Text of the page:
The intermediate layer 56 may define a gradient geometrically. For example, voids 57, 58, 59 may be formed in the intermediate layer to change the stiffness of the intermediate layer 56. The voids may extend under multiple segments as shown at 57 or they may be tailored for discrete segments as at 58 and 59. Any combination of voids may be utilized to achieve the desired stiffness. The voids 57, 58, 59 may be empty or filled. For example, they may be filled with a gas, liquid, a gel, and/or some other substance.
Although examples of a bearing implant and its use have been described and illustrated in detail, it is to be understood that the same is intended by way of illustration and example only and is not to be taken by way of limitation. The invention has been illustrated in the context of a tibial articular implant. However, the bearing implant may be configured in other shapes and for use at other locations within a patient's body. Accordingly, variations in and modifications to the bearing implant and its use will be apparent to those of ordinary skill in the art, and the following claims are intended to cover all such modifications and equivalents.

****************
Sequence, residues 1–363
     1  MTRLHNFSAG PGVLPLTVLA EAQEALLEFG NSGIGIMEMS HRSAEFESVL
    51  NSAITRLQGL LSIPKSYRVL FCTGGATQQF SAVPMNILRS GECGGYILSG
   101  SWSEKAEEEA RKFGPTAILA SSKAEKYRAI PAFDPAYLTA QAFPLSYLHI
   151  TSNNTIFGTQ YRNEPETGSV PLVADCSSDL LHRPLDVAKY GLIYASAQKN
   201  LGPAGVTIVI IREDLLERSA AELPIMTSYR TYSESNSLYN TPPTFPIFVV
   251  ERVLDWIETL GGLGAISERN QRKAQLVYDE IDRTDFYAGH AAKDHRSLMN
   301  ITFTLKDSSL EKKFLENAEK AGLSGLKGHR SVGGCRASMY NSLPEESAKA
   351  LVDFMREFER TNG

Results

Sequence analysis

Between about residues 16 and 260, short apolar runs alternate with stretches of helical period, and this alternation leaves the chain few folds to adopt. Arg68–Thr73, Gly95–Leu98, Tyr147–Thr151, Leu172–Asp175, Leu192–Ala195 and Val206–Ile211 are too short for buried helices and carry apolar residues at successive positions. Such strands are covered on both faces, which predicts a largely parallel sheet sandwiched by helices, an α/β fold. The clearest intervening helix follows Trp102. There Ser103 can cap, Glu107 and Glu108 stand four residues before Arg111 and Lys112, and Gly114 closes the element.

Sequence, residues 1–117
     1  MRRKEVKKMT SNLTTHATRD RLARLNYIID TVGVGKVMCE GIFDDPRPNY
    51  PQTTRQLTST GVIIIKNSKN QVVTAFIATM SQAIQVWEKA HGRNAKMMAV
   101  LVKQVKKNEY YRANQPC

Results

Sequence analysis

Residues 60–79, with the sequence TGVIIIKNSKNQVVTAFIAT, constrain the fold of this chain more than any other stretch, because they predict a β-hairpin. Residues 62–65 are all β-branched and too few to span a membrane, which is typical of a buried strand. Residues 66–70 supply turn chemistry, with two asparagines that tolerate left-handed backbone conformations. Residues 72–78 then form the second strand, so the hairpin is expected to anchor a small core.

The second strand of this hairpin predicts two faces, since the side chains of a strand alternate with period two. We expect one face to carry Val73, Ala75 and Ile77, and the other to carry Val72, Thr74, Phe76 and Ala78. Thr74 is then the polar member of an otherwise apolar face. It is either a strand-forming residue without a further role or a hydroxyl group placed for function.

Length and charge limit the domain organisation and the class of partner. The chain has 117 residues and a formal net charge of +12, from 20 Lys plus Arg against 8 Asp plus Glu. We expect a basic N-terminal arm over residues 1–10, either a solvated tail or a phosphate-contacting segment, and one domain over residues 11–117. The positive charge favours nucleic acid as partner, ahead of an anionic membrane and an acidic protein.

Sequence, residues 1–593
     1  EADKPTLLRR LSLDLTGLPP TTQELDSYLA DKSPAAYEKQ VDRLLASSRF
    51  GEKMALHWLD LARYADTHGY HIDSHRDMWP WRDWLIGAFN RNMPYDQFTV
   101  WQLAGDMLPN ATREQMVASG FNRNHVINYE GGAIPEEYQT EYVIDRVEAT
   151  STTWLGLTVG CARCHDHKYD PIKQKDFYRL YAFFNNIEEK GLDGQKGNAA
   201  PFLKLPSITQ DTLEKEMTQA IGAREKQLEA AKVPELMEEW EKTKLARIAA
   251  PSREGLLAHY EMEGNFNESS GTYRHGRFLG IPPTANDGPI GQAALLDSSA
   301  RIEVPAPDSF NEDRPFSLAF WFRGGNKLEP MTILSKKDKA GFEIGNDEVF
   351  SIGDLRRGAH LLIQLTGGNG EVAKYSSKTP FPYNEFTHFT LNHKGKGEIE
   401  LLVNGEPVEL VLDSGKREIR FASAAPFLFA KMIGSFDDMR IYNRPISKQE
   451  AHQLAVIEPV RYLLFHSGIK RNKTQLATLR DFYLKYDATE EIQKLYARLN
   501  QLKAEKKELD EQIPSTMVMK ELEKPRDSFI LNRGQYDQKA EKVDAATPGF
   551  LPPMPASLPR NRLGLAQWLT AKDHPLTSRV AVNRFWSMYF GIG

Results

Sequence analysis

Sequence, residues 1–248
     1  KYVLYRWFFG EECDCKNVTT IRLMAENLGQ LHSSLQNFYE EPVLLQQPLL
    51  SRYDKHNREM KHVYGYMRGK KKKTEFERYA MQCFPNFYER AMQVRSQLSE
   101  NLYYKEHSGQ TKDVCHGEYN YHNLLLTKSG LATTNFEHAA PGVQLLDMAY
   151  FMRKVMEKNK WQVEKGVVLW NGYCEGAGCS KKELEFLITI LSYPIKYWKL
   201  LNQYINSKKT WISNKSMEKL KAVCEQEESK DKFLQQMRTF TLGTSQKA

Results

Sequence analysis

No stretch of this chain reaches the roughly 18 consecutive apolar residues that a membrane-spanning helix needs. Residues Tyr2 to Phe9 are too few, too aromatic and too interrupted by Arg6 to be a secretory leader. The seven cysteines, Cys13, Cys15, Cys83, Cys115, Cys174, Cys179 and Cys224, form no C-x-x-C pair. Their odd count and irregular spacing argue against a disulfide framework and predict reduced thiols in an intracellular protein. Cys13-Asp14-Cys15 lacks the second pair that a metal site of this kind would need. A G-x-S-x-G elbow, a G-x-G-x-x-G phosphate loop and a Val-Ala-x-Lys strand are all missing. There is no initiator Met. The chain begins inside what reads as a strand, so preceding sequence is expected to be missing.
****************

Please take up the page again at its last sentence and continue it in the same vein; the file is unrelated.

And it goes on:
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|Cooperative Classification||A61F2002/30138, A61F2002/3096, A61F2/3859, A61B17/86, A61F2002/30448, A61F2002/30466, A61F2/389, A61F2002/30112, A61F2002/30179, A61F2002/30561, A61F2002/30828, A61F2230/0021, A61F2220/0025, A61F2002/30153, A61F2002/30894, A61F2002/30581, A61F2220/005, A61F2230/0034, A61F2310/00592, A61F2002/30154, A61F2250/0018, A61F2002/30329, A61F2230/0017, A61F2002/30125, A61F2002/4631, A61F2310/00131, A61F2/30756, A61F2230/0019, A61F2002/30011, A61F2230/0004, A61F2002/30187, A61F2002/30014, A61F2002/30136, A61F2002/3092, A61F2002/30673, A61F2002/30785, A61F2002/30831, A61F2002/30464, A61F2002/30176, A61F2002/30158, A61F2002/30018, A61F2230/0008, A61F2250/0019, A61F2250/0036, A61F2230/0026, A61F2220/0075, A61F2002/30563, A61F2002/30584, A61F2002/30593, A61F2250/0023, A61F2230/0054, A61F2002/30971, A61F2002/30324, A61F2310/00544, A61F2002/30957, A61F2002/30685, A61F2250/0029, A61F2230/0058, A61F2002/30892, A61F2002/30016|
|European Classification||A61F2/30C, A61F2/38T|
|Apr 11, 2006||AS||Assignment|
Owner name: ZIMMER TECHNOLOGY, INC., ILLINOIS
Free format text: ASSIGNMENT OF ASSIGNORS INTEREST;ASSIGNORS:HODOREK, ROBERT A.;THOMAS, BRIAN H.;REEL/FRAME:017765/0170;SIGNING DATES FROM 20060405 TO 20060410